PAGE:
London mayor Boris Johnson was this week under pressure from London Assembly members to explain in detail a series of chaotic events on London’s Underground.
The Jubilee Line was suspended on 21 October due to a cracked rail and earlier that week two separate incidents saw passengers having to get off trains and walk along the tracks through tunnels.
Again the Jubilee Line was at fault because of power failures for the first on 18 October. The following day a defective train produced a similar incident on the Victoria Line.
In another incident, London Underground was forced to partially close the District Line on 7 October after 23 trains were taken out of service.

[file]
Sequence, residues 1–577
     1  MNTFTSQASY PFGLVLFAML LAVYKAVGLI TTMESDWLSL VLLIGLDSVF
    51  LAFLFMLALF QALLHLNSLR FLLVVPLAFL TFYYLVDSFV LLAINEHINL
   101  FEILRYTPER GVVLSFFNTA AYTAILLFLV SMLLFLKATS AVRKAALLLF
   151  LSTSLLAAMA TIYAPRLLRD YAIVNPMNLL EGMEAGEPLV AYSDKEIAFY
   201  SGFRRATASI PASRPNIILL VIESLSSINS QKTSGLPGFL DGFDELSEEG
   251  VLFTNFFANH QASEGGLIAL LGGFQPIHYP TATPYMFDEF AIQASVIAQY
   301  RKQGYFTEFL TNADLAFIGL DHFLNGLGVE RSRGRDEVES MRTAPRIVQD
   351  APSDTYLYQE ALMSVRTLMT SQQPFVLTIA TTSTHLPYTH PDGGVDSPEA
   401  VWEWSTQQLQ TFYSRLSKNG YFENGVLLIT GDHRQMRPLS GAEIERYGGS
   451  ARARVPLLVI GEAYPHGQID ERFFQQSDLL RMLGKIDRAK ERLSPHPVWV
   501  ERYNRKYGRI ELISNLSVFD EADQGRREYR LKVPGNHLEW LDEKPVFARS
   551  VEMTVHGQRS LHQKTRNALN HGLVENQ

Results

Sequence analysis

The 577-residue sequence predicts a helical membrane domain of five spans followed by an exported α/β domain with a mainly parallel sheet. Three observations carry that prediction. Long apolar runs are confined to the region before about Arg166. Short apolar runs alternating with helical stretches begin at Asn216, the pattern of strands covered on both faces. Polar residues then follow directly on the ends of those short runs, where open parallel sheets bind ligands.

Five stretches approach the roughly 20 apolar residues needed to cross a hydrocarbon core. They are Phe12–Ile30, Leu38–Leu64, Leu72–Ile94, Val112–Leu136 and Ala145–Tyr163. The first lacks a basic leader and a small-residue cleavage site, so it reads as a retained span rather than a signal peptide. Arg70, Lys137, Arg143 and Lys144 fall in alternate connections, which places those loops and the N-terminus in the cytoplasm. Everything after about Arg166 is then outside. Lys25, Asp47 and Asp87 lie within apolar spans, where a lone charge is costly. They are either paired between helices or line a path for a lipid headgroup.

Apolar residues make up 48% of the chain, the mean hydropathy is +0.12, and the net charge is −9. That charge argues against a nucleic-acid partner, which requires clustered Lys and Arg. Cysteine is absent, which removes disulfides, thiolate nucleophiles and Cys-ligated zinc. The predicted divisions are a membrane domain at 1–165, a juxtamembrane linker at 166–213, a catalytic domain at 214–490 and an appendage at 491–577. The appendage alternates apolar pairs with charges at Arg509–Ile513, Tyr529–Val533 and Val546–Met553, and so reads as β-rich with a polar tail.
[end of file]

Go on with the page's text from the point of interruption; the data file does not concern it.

Small cracks had been detected on the undersides of some trains prompting the move.
The London Assembly Transport Committee has now called for a response. Chair Valerie Shawcross has written to Johnson saying that the incidents raised “serious questions about the safety and maintenance programme [on the Tube]”.
She urged Johnson, as chair of Transport for London (TfL), to “ensure London Underground raises its game”.
“The problems on the Tube over the last couple of weeks have been the worst we have seen for years,” she said. “We want assurances that things are going to get better for passengers who must be sick and tired of the almost daily disruption and wondering where it is all going to end.”
The committee also wants to know if there have been any changes to these programmes since TfL assumed control for upgrading and maintaining the entire network in June, after buying public-private partnership contractor Tube Lines.
Johnson is understood to be looking into the reasons for the disruption.